Following the visit to the District 6 Museum, the Harrington's, accompanied by Brian Smith, made their way into the townships. Townships were the response of the government to the forced removal of citizens in District 6 and other similar Districts around the nation of South Africa. At first the townships appear an image of poverty. House upon house, corrugated tin roofs, outhouses, trash in the streets and a few stray dogs. However, a morning with a good tour guide will give guests a much deeper understanding of what makes up the townships.
With nearly 2/3 of the population of Cape Town living in the townships, they are nothing short of life and activity. Numerous entrepeneurs post signs outside their homes advertising haircuts at So-and-So's Barber Shop or various grocery needs. Within minutes of entering the township of Langa, Mr. Smith inquired of Mr. and Mrs. Harrington whether or not they were hungry. He then pointed to the left and described a local favorite, smileys: boiled sheeps heads which, having been boiled, lips pulled back; seem to be smiling at the diner. The Harrington's passed, thankful for the simple breakfast of toast they were able to consume in the morning.
The Harrington's were taken into what used to be old hostels, where only men used to stay when working in the area but since Apartheid have been converted into housing for whole families. One room, no bigger than a small American bedroom, was home to three families. Parents slept on beds in the room while all the children from the 22 families sharing the 'hostel' shared a common floor. This of course is the worst case scenario and is related in large part to availability rather than poverty. Each of these families could afford one of the larger township houses, but are patiently waiting on the government to build more. It was in this neighborhood that the Harrington's received their first lesson in Ubuntu. The concept of unity amongst all of humanity. A concept they would soon see up close.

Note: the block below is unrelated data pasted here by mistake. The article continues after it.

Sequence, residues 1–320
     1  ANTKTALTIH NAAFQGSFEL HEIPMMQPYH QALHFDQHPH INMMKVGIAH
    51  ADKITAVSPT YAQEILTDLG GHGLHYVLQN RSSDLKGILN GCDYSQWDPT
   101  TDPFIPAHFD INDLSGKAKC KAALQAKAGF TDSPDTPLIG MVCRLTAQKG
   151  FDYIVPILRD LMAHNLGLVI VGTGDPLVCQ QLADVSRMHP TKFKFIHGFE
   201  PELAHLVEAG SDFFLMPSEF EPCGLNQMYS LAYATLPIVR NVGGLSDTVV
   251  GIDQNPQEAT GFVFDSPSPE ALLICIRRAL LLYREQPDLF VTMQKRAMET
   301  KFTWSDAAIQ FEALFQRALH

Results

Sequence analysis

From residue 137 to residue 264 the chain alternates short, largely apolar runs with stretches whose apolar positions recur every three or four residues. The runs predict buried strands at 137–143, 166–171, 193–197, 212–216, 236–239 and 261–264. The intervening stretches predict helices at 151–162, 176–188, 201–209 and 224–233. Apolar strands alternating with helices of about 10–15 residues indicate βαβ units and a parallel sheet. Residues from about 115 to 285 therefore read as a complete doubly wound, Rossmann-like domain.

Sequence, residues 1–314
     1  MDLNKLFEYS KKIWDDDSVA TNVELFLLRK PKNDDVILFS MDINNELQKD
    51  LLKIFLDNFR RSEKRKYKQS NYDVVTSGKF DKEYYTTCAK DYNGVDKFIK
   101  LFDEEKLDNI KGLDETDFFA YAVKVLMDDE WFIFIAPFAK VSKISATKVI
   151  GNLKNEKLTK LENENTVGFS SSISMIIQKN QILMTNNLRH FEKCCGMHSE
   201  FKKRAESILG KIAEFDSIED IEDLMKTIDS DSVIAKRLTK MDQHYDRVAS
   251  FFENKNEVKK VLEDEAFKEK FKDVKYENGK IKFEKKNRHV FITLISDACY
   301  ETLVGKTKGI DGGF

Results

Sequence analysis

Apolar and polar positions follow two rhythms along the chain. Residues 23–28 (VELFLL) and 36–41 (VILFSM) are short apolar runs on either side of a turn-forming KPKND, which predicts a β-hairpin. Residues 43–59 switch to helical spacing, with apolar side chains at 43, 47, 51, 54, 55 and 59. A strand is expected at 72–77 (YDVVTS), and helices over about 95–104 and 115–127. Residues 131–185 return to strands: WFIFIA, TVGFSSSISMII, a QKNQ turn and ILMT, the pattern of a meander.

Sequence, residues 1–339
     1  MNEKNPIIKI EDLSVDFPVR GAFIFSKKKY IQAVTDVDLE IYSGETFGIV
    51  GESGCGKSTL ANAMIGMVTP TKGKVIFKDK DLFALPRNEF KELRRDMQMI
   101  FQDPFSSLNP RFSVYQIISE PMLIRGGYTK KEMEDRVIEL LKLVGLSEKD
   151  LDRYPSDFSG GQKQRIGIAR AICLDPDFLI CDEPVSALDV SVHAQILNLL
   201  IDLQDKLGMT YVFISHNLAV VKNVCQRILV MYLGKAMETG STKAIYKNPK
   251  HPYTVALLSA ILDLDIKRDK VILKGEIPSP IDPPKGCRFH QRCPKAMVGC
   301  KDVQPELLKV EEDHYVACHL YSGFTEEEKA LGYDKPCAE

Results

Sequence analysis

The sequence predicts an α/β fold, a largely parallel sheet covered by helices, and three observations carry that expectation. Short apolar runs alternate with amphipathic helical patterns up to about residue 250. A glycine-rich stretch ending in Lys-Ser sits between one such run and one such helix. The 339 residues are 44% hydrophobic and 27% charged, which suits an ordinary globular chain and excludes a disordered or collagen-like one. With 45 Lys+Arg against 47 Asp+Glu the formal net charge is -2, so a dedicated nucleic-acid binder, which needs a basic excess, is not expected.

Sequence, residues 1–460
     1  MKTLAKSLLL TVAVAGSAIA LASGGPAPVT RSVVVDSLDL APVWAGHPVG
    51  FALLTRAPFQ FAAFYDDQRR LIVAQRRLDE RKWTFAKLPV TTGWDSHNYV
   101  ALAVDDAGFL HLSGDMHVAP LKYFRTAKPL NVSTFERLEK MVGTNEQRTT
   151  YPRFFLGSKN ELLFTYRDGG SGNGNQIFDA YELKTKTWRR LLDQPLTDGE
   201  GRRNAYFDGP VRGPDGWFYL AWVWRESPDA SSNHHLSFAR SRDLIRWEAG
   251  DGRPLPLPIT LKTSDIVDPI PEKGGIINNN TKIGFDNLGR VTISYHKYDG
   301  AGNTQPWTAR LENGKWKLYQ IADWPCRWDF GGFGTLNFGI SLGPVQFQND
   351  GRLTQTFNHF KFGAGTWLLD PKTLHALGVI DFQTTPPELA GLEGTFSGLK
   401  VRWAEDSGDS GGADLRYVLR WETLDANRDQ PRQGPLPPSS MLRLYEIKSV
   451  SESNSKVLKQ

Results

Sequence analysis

The Harrington's continued on their way and eventually arrived in Khayelitsha where they were to have the opportunity to meet with some of the communities outstanding citizens, entrepuneurs and practicers of Ubuntu. First they met Beauty, a woman with a beautiful story who will soon earn her own article in the Harrington Times. For now, suffice it to say that Beauty is giving this world Ubuntu by teaching women in her community to sew, for free. The couple then met Vicky owner of a Bed and Breakfast which Mr. and Mrs. Harrington quickly fell in love with and decided to book their last South African night there. The story of Vicky and her Bed and Breakfast is yet another story which will require it's own article. Behind Vicky's was a day care of sorts, started as a way to protect children and give them early education opportunities. The Harrington's enjoyed the smiles on the children's faces and the many songs they sung/shouted at the couple before they made their way out of the townships and into the city of Cape Town.